WATERTOWN — The COVID-19 pandemic is a critical public health issue generating proportionate government response due to the nature of the spread of the virus.
The novel coronavirus is a personal health issue also and with that comes a personal responsibility to protect your health as with any illness or health choice. People may choose a healthy lifestyle and work diligently at their personal health or make less healthy choices and endure the consequences.
The healthy choice with the coronavirus requires being diligent to guard yourself against getting the virus; the reckless choice abandons caution and endures the consequences. Any one of us may get the virus, but let us all make the best choices to minimize transmission.
I hope that by now everyone has read the guidance for personal hygiene choices as well as measures like social distancing and only minimal, necessary movement. I offer an additional personal response that you can take to help avoid the virus and better your chance to stay healthy during this time: “assume positive.”
This “assume positive” attitude considers that the person near you is positive and you are positive as well, whether symptomatic or more importantly asymptomatic. Many people are asymptomatic, so there are many more positive cases throughout the county than have been tested. We operate using the assumption that existing cases are everywhere throughout the county, and we ask the public to remain vigilant and assume the same.
This leads to the question of where the existing cases are located in Jefferson County and why there has not been a map issued by us. The location disclosure issue is of great debate around the state: disclosing the correct amount of information vs. the Health Insurance Portability and Accountability Act privacy requirement; the amount of information that is useful to the public vs. creating unnecessary anxiety; or, conversely, enabling a false sense of security leading to easement of personal responsibility.
This issue is an often discussed and reviewed topic at the county. We at Jefferson County have at this time decided to stay on the conservative side of the issue with our release of statistics.
The relevance of disclosing location information is another consideration. Most responses from the public are centered on the “right to know” as a reason.
I remind people that these individuals are only sick; they have not done anything against society to warrant further exposure. They deserve a certain level of privacy during a very public emergency response, and they are no different from any other person having any contagious illness.
Regarding the public’s right to know, I ask two questions: Why and of what purpose is the information? What will you do with it once you have the information?
The response to the follow-up questions is generally that someone will change their personal behavior to a more precautionary state. Again, my position is every one of us has a personal responsibility to act that way right now — at all times and in every setting.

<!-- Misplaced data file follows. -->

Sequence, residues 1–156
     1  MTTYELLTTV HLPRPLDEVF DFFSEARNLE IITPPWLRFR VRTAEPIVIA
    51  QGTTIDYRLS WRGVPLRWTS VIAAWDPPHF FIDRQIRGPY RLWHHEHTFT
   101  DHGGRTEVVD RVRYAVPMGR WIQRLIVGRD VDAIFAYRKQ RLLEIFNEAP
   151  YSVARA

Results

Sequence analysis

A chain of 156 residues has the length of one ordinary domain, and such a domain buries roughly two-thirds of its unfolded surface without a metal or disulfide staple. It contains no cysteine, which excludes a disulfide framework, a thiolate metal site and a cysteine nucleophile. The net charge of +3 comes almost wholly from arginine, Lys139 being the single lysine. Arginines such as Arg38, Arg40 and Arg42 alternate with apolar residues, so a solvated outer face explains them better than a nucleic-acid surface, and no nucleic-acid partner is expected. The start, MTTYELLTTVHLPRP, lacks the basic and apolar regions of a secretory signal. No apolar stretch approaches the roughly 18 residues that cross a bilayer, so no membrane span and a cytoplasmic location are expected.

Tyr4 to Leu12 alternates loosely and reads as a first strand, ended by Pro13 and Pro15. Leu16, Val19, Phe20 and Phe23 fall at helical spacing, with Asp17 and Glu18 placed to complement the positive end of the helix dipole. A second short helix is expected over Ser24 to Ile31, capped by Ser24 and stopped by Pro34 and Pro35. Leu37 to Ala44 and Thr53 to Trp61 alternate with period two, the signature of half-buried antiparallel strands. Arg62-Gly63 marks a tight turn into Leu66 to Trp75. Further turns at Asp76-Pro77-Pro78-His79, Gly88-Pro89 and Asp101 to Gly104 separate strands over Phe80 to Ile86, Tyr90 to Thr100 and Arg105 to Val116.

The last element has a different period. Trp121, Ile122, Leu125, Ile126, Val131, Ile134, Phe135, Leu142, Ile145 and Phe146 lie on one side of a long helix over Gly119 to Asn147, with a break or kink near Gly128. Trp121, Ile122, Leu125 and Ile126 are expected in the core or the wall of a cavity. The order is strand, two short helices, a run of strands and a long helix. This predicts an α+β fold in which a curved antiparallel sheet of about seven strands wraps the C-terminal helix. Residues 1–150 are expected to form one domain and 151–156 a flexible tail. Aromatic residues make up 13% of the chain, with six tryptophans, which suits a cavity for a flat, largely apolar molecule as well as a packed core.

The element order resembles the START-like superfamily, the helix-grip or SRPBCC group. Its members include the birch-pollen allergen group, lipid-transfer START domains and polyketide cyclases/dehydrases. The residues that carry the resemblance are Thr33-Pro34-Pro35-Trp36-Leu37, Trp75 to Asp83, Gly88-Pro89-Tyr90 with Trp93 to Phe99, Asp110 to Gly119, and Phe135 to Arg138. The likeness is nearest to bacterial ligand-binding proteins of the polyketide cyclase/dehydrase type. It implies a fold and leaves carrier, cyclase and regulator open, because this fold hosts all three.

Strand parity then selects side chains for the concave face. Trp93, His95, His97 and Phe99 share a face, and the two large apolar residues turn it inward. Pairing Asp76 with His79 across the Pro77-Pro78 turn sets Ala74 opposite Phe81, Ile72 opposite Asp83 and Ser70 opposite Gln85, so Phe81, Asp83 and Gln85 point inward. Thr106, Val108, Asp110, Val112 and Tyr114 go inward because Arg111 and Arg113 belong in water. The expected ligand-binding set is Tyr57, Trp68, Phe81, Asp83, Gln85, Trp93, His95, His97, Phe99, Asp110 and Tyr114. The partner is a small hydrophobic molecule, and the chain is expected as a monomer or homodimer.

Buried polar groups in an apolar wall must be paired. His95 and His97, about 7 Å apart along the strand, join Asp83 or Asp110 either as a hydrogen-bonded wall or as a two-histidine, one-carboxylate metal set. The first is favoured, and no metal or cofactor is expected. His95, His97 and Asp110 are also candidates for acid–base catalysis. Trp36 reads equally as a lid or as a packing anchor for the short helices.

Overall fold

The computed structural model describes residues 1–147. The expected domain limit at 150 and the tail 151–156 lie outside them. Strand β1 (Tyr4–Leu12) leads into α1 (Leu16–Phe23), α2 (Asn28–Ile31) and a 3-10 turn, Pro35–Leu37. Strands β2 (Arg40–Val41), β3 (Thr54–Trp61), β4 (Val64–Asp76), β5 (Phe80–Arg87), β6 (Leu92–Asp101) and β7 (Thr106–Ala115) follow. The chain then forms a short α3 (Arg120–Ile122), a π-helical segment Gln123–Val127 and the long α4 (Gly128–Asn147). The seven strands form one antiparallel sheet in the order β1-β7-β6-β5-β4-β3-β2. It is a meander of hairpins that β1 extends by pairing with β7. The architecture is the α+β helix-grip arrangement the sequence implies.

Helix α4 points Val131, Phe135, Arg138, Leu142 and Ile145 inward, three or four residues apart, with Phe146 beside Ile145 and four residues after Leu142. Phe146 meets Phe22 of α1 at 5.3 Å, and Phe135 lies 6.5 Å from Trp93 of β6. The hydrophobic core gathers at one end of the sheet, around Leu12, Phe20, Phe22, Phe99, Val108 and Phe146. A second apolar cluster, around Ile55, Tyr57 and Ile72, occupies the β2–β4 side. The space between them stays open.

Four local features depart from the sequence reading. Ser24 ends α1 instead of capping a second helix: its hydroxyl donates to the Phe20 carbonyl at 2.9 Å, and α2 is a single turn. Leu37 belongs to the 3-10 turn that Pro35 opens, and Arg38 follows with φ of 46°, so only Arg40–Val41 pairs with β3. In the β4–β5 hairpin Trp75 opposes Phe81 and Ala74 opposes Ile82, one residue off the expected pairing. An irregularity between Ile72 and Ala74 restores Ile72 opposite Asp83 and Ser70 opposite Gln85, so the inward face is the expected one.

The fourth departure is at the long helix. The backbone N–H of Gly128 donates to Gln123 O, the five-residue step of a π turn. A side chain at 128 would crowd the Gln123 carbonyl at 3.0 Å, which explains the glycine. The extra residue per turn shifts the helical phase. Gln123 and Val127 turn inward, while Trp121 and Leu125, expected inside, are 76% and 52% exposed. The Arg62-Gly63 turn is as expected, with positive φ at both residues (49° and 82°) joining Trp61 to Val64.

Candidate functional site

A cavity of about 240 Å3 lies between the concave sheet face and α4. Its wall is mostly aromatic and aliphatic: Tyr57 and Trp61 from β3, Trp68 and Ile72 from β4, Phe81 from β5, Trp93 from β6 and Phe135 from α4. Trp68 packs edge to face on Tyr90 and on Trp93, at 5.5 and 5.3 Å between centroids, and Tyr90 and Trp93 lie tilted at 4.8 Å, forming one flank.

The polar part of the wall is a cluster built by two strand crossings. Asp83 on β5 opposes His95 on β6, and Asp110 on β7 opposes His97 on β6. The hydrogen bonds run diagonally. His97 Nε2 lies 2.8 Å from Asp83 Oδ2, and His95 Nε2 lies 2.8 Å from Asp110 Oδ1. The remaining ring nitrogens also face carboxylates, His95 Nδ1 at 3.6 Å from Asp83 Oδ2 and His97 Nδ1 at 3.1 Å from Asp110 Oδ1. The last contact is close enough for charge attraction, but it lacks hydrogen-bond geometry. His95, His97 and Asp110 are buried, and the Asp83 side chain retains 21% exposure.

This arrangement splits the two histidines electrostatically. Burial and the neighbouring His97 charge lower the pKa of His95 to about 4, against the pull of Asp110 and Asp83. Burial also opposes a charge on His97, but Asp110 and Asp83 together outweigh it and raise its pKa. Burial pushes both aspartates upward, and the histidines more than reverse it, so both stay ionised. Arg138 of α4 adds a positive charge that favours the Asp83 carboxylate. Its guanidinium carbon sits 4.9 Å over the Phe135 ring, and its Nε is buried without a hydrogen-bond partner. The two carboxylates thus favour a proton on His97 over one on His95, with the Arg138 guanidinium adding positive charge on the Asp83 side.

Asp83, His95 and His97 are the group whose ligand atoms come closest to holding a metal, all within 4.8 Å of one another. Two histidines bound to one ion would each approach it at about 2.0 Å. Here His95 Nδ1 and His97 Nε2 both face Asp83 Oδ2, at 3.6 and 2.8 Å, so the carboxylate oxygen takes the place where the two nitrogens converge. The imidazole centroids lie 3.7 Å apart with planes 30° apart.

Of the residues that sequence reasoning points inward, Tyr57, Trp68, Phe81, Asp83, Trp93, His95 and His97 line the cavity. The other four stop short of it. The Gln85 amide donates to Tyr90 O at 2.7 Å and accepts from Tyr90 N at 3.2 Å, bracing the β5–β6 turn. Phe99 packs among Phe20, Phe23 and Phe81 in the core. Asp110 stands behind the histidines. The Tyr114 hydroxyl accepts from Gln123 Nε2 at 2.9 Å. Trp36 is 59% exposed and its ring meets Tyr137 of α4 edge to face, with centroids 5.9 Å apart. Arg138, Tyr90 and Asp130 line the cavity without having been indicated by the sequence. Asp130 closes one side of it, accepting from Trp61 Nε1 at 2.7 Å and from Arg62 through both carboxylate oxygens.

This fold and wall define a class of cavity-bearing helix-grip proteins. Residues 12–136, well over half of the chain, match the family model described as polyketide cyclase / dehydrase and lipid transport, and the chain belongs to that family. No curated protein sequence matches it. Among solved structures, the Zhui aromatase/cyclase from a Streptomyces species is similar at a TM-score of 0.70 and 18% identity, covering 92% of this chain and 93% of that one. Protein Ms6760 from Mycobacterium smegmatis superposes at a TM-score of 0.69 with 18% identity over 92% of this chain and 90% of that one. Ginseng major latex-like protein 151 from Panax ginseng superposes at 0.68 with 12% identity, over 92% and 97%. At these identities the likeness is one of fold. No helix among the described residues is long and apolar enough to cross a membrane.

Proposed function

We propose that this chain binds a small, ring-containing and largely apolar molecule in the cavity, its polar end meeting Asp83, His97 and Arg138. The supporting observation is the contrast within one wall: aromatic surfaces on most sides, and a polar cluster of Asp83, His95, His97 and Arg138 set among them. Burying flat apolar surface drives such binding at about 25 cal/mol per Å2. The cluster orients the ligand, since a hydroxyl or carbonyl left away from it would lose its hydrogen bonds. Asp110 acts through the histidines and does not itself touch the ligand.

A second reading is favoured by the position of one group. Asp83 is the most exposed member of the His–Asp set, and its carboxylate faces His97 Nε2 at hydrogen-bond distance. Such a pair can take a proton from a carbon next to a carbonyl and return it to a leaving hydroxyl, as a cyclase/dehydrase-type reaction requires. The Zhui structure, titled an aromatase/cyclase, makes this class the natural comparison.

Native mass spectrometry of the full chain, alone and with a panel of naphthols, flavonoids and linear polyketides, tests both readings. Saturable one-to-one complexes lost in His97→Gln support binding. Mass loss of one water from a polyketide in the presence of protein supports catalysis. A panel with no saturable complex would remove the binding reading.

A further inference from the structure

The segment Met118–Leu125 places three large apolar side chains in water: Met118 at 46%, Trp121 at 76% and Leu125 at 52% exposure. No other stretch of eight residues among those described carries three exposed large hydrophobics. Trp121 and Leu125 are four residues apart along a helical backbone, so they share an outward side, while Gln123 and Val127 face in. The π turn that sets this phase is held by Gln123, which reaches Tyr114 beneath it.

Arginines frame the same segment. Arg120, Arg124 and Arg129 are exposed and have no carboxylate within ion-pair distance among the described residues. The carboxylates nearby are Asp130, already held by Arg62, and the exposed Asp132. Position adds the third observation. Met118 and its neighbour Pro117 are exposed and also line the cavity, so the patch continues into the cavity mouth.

This is a highly contagious illness. It is omnipresent, and there is no known medication to address it yet. Everyone should take the most cautious approach, which assumes you are positive and the person near you is positive, and act accordingly.
Confidential medical information is the responsibility of Jefferson County Public Health, and we assume the safeguarding of it. The potential for further disclosure of any of it deserves the utmost due diligence, and the need to exchange information exists for the purposes of treatment only.
Public Health is in overdrive with aggressive activity utilizing quarantine measures and monitoring of individuals, and our work is to support these staff members in maintaining that activity to keep producing results in the way of minimal cases. The main mission is to treat people who are ill and slow the spread to prevent an imminent threat to the public, and kudos to Public Health for doing that so well.
I realize people are not asking for anyone’s address, just a map listing by town. We have seen and experienced the efforts of people who believe a resident of their town or village has tested positive: It creates a mission of search and discovery to identify the individual they believe is a positive case. No individual deserves that process; we each deserve the services our health system is designed and prepared to deliver with privacy.
The people who deserve public recognition during this time are all our community’s health care workers who are on the frontline of this virus. I am grateful for the work they are doing every day, and our community owes them a debt of gratitude for the risk they are taking each day just to do their jobs.
In closing, as with everything related to COVID-19, circumstances are ever-evolving; we evaluate county operations continuously and are adaptable to changing conditions. That said, our public release of COVID-19 information will remain countywide data. I ask everyone to remember this: The more you are responsible for yourself, the more you are helping your community.
Regards, and stay well.
Scott A. Gray, R-Watertown, is chairman of the Jefferson County Board of Legislators.